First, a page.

On Friday afternoon, the Associated Press published a lengthy correction on a story from earlier this month about recently unearthed records that showed 796 children were buried in a mass grave outside an old Irish orphanage for the children of unwed mothers.
The AP correction acknowledged four errors including that it “incorrectly reported that the children had not received Roman Catholic baptisms” and “that Catholic teaching at the time was to deny baptism and Christian burial to the children of unwed mothers.”
AP spokesman Paul Colford told Business Insider Sunday that the mistakes were primarily the result of “editorial errors that included unfortunate jumps to flawed conclusions.” Colford also described how this resulted in the false claim the children had not been baptized.
“AP was aware that Irish priests did sometimes refuse to baptize children if the parents could not pledge to raise the children as Catholics, and that those children were denied burial in marked graves in Catholic cemeteries,” Colford said. “Here, we incorrectly made the leap that a similar logic applied to the children of unwed mothers. (As it was, Irish news media also were reporting the same that the babies had not been baptized.)”
According to the AP, documents subsequently showed “many children at the orphanage were baptized.” AP also noted that, while some children of unwed mothers may have been denied baptisms by the Catholic church “at times” during the early 20th century, “it was not church teaching.”
In addition to those errors, the correction said AP incorrectly described the orphanage as having opened in 1926 when it actually opened a year earlier. The AP story also initially quoted a researcher who said they believed the children were buried in an old septic tank. In the correction, AP acknowledged “the researcher has since clarified that without excavation and forensic analysis it is impossible to know how many sets of remains the tank contains, if any.”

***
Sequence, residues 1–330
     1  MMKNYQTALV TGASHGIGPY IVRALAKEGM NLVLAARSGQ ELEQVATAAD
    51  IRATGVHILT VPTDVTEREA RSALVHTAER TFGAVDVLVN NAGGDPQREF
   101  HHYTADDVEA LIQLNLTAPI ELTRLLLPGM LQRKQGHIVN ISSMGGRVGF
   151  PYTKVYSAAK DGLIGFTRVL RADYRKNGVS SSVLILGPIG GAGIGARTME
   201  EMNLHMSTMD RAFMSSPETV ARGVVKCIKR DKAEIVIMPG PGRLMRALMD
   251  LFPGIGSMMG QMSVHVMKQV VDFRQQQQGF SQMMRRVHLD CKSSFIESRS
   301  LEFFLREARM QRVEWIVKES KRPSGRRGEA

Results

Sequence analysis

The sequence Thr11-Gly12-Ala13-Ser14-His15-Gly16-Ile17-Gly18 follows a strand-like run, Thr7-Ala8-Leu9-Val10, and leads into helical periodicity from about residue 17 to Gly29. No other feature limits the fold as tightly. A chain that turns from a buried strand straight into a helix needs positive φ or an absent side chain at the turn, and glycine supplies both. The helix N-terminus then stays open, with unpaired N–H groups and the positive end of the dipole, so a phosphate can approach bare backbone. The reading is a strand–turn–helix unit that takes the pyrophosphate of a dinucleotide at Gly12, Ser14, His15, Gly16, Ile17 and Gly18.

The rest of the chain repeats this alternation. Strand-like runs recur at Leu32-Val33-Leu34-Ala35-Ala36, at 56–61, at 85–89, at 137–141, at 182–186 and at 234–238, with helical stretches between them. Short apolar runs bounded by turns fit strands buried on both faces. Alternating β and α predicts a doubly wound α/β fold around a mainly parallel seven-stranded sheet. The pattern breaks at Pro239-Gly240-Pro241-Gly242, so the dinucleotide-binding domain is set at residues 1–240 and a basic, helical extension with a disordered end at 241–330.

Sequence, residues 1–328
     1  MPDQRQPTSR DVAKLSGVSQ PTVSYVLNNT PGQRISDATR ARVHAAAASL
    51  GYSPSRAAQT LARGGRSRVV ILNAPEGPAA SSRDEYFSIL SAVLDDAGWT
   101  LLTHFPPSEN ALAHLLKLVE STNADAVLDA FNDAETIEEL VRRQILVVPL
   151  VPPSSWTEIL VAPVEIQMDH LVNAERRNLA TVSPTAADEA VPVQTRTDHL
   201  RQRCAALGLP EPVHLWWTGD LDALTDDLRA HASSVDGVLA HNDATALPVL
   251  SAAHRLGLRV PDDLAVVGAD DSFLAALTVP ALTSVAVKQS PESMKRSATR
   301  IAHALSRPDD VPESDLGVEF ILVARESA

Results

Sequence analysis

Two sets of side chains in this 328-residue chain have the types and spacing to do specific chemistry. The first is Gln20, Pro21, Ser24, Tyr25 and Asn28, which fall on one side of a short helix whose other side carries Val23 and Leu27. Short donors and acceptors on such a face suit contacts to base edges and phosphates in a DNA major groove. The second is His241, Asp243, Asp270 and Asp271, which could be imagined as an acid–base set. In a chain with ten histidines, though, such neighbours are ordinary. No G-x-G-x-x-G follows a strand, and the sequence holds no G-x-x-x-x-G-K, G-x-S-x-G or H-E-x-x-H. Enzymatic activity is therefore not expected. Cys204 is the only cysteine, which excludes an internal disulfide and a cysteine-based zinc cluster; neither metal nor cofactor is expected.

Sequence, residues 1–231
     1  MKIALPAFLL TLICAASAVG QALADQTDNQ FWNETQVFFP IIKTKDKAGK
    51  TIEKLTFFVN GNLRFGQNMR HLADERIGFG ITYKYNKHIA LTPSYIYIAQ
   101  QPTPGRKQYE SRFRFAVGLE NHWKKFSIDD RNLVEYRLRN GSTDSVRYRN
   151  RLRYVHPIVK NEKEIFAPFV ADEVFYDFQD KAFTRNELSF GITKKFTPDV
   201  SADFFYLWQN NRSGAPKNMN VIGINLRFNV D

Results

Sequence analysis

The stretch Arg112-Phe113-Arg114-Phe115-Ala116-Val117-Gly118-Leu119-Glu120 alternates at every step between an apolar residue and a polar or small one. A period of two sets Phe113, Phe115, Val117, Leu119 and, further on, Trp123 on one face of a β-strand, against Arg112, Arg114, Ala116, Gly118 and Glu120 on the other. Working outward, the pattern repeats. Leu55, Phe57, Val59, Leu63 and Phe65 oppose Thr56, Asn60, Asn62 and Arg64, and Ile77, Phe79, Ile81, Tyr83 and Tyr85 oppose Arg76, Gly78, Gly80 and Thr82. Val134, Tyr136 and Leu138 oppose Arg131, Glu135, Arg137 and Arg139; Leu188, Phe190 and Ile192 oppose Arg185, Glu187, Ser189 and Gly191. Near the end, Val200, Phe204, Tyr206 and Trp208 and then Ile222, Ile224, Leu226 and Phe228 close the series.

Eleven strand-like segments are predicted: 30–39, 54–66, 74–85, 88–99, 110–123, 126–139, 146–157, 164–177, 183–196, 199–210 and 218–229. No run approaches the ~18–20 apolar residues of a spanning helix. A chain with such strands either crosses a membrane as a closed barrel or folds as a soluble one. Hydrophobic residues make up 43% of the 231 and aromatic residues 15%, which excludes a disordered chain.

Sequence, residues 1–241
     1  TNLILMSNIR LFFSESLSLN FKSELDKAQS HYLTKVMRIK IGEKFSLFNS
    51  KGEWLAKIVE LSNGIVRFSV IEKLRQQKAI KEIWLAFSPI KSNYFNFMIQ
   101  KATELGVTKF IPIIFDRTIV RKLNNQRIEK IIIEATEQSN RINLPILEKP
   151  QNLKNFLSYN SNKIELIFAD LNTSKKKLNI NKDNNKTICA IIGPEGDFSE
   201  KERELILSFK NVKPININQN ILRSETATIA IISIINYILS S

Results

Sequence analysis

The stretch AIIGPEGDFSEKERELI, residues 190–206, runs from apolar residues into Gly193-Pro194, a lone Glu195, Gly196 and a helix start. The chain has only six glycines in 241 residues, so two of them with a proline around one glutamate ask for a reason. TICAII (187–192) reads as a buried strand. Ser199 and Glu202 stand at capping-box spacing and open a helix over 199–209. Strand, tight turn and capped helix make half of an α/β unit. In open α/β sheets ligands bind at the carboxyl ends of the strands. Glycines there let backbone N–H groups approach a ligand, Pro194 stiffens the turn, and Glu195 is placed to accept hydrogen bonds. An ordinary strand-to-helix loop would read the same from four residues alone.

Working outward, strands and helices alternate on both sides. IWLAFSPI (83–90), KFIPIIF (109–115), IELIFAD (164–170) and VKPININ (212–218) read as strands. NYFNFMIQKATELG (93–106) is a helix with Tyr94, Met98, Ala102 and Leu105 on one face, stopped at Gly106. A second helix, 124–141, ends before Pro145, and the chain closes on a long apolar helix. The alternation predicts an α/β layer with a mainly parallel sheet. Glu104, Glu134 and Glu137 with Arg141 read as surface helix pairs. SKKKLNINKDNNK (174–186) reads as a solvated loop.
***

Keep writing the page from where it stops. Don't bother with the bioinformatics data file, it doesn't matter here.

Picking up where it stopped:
Colford said the issue with the septic tank “required more of a clarification than a correction” since the researcher’s claims were not necessarily contradictory.
“A researcher first told AP that most of the remains were probably interred in a disused septic tank. Last week, the researcher said without excavation and forensic analysis there is no way of confirming that,” Colford explained. “The two statements are not contradictory, as she was expressing an opinion about what was likely true. She is now stressing that she cannot say so with certainty.”
Colford declined to comment when Business Insider asked if anyone at the organisation was disciplined as a result of the errors in this story.
“As a company policy we just don’t comment on personnel matters,” said Colford.
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